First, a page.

Shane Lowry no longer has to imagine what it is like to lift the Claret Jug. He is the Champion Golfer of the Year, and one of the most dominant of the century. Tiger Woods started it winning by eight, Louis Oosthuizen won by seven, Lowry romped home by six.
It had been 68 years since Northern Ireland and Royal Portrush last hosted an Open Championship, and we can now say that the wait was worth it. Lowry is among the most popular sportsmen on this island. He is one of them: home is where his heart is and always has been.
In 2017, when sliding down the world rankings one year after failing to convert a four-shot lead in the US Open, Lowry took the decision to move his family to Florida. He had no choice. Playing between two tours was taking its toll, and no longer could he realistically target the sport’s most important prizes.
When that did not work as planned, Lowry came home, and so the wheels began to turn. Gradually, he pieced together the confidence which was crafted at Firestone but shattered at Oakmont, and thanks to a happy family life, the construction of a robust support team and an overdue victory in January, he was finally ready to finish the job he started three summers ago.
If his performance on Saturday was magical, a course-record 63 which happened in the clouds, his Sunday 72 was ballsy and stoic, the hands of a magician now employed like those of a surgeon. It started nervously – of course it did – but from the moment a six-foot bogey putt dropped at the first hole, his grip on this famous old trophy was firm.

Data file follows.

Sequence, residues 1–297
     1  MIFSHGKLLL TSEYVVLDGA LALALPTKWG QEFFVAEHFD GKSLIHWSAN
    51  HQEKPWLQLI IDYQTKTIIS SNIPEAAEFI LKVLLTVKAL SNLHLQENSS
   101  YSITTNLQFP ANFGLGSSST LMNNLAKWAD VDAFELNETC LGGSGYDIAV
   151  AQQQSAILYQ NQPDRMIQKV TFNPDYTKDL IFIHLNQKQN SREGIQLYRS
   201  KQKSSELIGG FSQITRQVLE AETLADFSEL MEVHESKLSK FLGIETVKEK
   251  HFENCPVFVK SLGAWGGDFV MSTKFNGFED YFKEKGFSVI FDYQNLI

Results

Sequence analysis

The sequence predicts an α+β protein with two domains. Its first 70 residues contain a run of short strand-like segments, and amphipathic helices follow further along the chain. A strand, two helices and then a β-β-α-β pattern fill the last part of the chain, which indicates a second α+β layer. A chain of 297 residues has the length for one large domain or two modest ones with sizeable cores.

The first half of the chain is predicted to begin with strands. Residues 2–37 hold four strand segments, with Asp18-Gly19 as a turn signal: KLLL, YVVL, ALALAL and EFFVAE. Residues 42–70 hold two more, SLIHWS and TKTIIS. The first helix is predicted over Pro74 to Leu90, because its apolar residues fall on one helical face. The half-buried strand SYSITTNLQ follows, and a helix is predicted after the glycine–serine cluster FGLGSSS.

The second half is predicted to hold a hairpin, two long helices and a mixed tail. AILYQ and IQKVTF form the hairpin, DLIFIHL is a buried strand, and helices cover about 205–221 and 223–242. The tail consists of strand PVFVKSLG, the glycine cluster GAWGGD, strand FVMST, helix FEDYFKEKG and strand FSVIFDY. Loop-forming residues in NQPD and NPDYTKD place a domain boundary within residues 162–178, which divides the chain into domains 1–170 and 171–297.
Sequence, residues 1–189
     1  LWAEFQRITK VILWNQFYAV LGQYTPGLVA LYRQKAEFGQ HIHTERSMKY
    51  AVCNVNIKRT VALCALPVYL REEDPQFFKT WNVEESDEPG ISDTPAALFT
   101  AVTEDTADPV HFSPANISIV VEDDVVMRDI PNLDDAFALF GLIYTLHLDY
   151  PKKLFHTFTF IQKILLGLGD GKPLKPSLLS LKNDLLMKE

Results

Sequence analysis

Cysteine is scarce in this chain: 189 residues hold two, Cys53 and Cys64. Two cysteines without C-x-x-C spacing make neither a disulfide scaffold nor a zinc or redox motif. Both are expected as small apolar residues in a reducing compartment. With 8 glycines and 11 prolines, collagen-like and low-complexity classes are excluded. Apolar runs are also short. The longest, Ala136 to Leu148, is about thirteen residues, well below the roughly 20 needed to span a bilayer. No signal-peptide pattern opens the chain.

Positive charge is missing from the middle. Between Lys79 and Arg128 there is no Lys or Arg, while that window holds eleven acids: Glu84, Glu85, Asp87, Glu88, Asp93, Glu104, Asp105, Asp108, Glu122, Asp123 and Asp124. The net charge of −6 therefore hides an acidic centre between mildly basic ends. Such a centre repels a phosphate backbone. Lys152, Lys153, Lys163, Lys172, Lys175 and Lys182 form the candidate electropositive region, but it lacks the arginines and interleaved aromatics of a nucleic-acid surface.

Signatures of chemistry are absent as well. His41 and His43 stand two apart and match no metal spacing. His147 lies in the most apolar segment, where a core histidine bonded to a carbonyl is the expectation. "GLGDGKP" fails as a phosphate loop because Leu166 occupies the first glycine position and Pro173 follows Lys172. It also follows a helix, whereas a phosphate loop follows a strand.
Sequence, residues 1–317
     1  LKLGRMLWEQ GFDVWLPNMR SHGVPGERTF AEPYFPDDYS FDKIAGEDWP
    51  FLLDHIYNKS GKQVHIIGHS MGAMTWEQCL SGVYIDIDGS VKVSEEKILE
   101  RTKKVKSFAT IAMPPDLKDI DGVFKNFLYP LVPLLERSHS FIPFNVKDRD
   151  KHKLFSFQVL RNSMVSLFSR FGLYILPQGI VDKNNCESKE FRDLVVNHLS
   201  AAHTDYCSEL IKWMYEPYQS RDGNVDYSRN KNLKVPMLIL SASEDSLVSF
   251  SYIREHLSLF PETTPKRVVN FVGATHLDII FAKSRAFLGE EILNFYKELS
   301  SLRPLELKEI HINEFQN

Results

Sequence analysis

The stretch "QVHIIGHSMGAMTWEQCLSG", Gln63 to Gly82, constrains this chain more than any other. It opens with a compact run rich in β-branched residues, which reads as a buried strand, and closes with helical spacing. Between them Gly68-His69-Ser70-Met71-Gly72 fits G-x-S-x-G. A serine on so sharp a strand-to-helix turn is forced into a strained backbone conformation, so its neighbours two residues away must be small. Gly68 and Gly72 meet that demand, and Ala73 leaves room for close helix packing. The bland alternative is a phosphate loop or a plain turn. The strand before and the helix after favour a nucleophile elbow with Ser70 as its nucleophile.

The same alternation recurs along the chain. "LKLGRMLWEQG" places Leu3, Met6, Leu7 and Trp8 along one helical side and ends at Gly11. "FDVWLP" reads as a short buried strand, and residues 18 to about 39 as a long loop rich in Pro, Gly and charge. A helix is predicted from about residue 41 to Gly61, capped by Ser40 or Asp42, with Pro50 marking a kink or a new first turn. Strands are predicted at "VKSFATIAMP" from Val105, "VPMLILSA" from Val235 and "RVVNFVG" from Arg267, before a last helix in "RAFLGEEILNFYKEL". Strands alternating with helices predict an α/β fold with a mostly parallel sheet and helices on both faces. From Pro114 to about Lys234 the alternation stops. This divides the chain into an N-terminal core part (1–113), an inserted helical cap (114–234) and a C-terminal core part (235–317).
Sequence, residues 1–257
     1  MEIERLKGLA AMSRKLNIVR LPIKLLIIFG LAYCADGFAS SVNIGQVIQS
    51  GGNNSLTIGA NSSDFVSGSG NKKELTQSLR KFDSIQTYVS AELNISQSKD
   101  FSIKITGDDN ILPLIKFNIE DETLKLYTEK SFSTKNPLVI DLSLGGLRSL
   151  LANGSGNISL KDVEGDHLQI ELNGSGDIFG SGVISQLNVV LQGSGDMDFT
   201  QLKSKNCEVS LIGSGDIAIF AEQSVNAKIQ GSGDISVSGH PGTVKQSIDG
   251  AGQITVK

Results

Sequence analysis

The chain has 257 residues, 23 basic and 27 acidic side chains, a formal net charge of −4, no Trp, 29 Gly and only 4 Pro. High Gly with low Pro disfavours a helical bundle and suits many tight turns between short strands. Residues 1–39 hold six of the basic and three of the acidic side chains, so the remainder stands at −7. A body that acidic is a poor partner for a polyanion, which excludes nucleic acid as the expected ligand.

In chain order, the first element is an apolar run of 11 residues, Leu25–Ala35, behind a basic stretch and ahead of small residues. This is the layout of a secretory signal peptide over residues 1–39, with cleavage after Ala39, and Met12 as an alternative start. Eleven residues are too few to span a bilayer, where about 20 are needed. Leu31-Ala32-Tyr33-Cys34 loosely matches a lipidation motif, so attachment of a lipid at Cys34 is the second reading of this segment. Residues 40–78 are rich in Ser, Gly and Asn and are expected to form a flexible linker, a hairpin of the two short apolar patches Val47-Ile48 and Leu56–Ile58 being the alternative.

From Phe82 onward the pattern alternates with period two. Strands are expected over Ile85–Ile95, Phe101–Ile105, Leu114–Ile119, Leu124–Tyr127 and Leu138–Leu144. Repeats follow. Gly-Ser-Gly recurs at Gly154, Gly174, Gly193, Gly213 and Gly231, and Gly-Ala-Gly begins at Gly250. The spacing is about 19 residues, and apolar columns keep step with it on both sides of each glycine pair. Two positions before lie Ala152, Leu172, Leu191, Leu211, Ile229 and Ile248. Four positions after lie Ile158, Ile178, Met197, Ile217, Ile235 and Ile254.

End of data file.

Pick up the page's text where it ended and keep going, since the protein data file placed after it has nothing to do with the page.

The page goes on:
When the worst of the weather came, it was as if in support of the man who won the Irish Open as an amateur ten years ago in the pouring rain. Lowry looked as he did then: at home on the golf course, comfortable with the weather; a natural at this dark, enchanting side of the game; innocent of the danger which turned JB Holmes into a weekend hacker and even kept Brooks Koepka out of the top three.
Birdies at the fourth, fifth and seventh helped extend the lead to six and that’s exactly where it ended. The details of the middle part of the round are anecdotal – a bogey here or there, nothing really to cause alarm – and he arrived on the 16th tee with enough in hand to begin a 1000-yard victory parade.
By the time he had reached the 18th, so it seemed had half of the island. Lowry, who confessed to telling his caddie all day that he was obsessing over the prize, could now afford to embrace Bo Martin, who performed miracles of his own to keep his man somewhat calm.
Both arms to the sky, the raindrops which fell down from it only served to make this feel even more like home. Shane is from the south, we are here in the north, but sport makes silly such trivialities, at least for a day or two.
“It’s one of my favourite places in Ireland,” said Lowry. And he meant it. Let’s not complicate this: a man from Ireland has just won the Open Championship. Wherever you are from, this was a triumph for what is real: a family man who will drink long after his daughter has gone to sleep tonight.